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Rc of Steel, british armor, Saracen, ferret etc.

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Hi All,

 

I'm looking into drilling some holes to replace broken studs on the hull of our Saracen. Does anyone know what the Rc of the steel is? and what drill type would be suffcient to use. We have a dozen or so holes to drill.

 

I could use a .300 Win Mag...but I do need to have the holes spot on :-)

 

Many thanks

 

Nick

 

CWC Canada

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Hi All,

 

I'm looking into drilling some holes to replace broken studs on the hull of our Saracen. Does anyone know what the Rc of the steel is? and what drill type would be suffcient to use. We have a dozen or so holes to drill.

 

I could use a .300 Win Mag...but I do need to have the holes spot on :-)

 

 

Nick,

When I worked in army workshops and there was a need to drill a hull on a Saracen or Ferret, usually for a mod, we used special armour drills in a slow air drill, to which we put pressure on. You may not be aware but studs are actually welded to the surface, not in to holes, which would be a weakness in the hull. We used a special stud welder. It would save you a lot of grief to go down this route.

 

Regards, Richard

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NICK when we found a crack in the hull of the Belgium tank museums DIAMLER MKI armoured car we had sent from

VICKERS a drill kit so we could drill the hull to stop the crack from spreading it was made by cryo armour cut

it is capable of drilling up to 65 RC THE best way is the welding method in the first gulf war there were lots of these kits

sent out for mods to be made

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Drilling the armour is quite easy with standard HSS drill. However, use speeds and feeds

for drilling titainium with would be arround 2/3's to 3/4 slower than driling mild steel.

A carbide drill would be better if your drilling more than a few holes. However if it brakes though and snatches,

the drill will most likely brake.

 

As your replacing broken studs, you could try the method I used on my Saladin. I bought stainless

5/16 unf bolts. Put the threaded end in the lathe chuck and faced the head down to arround 3/32" thick.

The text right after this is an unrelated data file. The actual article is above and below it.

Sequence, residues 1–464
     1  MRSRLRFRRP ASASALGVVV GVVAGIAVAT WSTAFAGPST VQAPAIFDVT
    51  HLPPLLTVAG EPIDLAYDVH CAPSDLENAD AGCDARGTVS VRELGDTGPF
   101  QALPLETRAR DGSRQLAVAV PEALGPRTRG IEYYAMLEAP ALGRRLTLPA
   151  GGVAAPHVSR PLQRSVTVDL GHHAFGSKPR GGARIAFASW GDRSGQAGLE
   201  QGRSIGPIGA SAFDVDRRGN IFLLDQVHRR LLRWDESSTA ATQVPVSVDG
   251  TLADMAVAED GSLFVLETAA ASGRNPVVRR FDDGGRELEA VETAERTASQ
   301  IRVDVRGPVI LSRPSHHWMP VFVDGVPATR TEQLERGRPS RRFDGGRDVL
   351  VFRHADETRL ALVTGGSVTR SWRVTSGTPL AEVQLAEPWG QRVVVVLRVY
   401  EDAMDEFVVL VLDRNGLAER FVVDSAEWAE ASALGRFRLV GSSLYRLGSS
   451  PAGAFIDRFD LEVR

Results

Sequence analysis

A friend who is good with a tig welder then welded them in place. No filler wire needed as the bolt

head did this job. There must have been twenty or so broken studs I did this for 12 years or so ago. There still

holding the running bords fine and no rusty studs or nuts next time anything needs removing.

 

Andy

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That's really helpful. I have broken studs and thought I'd have to drill out the old shanks, then put new ones in the holes and weld. Grinding the old ones flat and then welding new ones onto the surface should be much simpler!

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As a welder I have used the commerical used machines up here, the Nelson stud welders, just like in this video

 

 

 

The cup put over the end is the flux that is needed for the weld.

 

Just need to prove your settings for a full penetration weld. Bigger welding supply companies will rent them out. I may be able to get you the loan of one Nick as a demo, or I may be able to get a manufacturers rep to come do it for you. I still have some contacts in the industry. You may have some at your former employer over in the east end of town.

 

Robin

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When I had a Ferret and I had to replace a broken stud I sharpened a tungsten tip masionary drill on the green wheel and drilled at a slow speed, worked fine, I drilled through and tacked behind and dressed up. If it breaks off again which they didn't, just drill out weld and punch out old stud.

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